The Chinese Communist Party (CCP) imposed sanctions Friday on a leading British Catholic human rights campaigner who highlighted widespread abuses in Xinjiang.
The Chinese authorities announced the measures March 26 against David Alton and eight other U.K. citizens, as well as four institutions critical of the country’s human rights record.
The individuals are banned from entering China, Hong Kong, and Macau, and Chinese citizens are forbidden to do business with them.
Alton, an independent member of the House of Lords, the upper house of the U.K. parliament, noted that the step followed the U.K. government’s introduction of sanctions against four senior Chinese officials on Monday over China’s treatment of its Uyghur Muslim minority.
Writing on his website March 26, Alton said: “The imposition of tit-for-tat sanctions is a crude attempt to silence criticism. But the CCP needs to learn that you can’t silence the whole world and that the first duty of a parliamentarian is to use their voice on behalf of those whose voices have been silenced.”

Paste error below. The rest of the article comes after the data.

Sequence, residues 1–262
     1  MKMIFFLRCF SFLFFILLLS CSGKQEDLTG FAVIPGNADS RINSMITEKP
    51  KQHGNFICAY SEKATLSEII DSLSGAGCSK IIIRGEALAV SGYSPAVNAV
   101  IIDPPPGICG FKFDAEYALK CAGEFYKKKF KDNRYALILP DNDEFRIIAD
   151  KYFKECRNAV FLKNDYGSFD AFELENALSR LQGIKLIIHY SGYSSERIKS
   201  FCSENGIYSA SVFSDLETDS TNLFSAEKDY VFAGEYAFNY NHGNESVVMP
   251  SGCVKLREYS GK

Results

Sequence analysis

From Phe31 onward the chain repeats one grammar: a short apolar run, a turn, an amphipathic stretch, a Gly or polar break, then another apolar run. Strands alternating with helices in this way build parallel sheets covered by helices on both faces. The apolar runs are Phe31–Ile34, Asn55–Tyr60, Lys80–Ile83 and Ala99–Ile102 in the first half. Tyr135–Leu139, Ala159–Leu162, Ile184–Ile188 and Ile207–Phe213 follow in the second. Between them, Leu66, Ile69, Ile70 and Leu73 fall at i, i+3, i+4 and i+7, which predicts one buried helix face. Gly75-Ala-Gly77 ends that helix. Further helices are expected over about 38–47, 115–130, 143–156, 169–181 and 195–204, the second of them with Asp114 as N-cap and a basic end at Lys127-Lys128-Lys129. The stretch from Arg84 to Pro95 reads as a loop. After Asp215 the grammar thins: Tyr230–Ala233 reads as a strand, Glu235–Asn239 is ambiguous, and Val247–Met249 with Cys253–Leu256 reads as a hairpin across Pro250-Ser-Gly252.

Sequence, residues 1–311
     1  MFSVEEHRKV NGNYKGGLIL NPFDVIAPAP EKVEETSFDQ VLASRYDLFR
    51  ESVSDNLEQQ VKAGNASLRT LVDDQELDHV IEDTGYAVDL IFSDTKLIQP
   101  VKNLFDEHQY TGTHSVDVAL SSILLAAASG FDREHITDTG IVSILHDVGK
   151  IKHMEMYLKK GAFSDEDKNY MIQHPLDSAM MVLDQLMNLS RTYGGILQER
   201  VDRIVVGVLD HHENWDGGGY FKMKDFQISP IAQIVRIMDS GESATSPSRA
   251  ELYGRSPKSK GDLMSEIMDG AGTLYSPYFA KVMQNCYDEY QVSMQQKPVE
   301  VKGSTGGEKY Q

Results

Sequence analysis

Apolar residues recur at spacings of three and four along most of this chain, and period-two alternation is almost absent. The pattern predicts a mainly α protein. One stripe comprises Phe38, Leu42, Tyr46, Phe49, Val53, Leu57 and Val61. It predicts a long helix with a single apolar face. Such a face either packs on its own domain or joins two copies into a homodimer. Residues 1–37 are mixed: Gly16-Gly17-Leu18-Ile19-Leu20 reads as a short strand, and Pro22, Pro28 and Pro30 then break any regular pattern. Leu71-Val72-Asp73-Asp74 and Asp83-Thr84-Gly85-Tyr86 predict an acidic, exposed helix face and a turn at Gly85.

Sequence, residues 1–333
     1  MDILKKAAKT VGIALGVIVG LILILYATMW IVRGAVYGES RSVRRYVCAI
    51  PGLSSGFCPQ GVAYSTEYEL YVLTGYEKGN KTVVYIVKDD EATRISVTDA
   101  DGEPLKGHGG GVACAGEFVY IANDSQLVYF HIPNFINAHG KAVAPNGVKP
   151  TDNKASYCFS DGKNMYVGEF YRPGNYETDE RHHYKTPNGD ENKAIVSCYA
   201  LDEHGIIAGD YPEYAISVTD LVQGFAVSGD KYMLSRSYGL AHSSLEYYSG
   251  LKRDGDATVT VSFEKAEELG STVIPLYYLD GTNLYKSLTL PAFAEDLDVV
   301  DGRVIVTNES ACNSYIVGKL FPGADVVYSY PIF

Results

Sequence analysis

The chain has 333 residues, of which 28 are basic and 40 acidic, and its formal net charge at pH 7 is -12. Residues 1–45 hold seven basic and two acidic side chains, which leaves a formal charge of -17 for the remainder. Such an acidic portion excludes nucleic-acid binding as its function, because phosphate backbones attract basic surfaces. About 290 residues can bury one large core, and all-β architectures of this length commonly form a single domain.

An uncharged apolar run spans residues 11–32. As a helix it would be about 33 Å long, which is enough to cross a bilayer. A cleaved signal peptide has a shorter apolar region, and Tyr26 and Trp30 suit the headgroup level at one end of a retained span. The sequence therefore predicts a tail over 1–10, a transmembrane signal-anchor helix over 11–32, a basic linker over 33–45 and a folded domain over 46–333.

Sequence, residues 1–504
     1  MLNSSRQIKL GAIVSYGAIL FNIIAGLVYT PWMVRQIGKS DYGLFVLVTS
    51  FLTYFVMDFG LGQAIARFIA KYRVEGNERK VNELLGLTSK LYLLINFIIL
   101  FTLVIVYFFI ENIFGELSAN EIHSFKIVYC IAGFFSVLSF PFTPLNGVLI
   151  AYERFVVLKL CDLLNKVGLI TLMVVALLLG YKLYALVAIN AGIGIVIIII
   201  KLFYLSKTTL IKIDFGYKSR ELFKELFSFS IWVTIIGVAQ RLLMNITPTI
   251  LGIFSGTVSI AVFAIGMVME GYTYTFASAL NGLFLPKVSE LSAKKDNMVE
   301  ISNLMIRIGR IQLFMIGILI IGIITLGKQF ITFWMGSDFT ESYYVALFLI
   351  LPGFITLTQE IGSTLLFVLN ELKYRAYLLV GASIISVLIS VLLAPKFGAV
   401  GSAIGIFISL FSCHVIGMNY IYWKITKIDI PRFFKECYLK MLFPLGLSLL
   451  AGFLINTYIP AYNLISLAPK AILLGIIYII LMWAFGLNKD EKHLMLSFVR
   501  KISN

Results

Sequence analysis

Around a million Uyghurs have been detained in re-education camps in northwest China. Inside the camps, they are reportedly subjected to forced labor, torture, and political indoctrination. Outside the camps, Uyghurs are monitored by pervasive police forces and facial recognition technology.
The Chinese government has defended its policy of mass detention and re-education as an appropriate measure against terrorism.
Writing on his Twitter account on Friday, British prime minister Boris Johnson said: “The MPs and other British citizens sanctioned by China today are performing a vital role shining a light on the gross human rights violations being perpetrated against Uyghur Muslims.”
“Freedom to speak out in opposition to abuse is fundamental and I stand firmly with them.”
Alton, 70, has served in the U.K. parliament since 1979, first as an MP and then from 1997 in the Lords, with the title Lord Alton of Liverpool.
Read more at National Catholic Register